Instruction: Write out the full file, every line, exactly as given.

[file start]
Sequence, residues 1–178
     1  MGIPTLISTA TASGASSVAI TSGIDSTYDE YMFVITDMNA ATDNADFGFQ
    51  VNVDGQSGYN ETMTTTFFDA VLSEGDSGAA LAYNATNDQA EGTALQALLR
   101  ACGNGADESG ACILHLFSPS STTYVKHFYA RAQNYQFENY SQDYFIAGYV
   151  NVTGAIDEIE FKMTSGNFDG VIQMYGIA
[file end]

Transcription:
Sequence, residues 1–178
     1  MGIPTLISTA TASGASSVAI TSGIDSTYDE YMFVITDMNA ATDNADFGFQ
    51  VNVDGQSGYN ETMTTTFFDA VLSEGDSGAA LAYNATNDQA EGTALQALLR
   101  ACGNGADESG ACILHLFSPS STTYVKHFYA RAQNYQFENY SQDYFIAGYV
   151  NVTGAIDEIE FKMTSGNFDG VIQMYGIA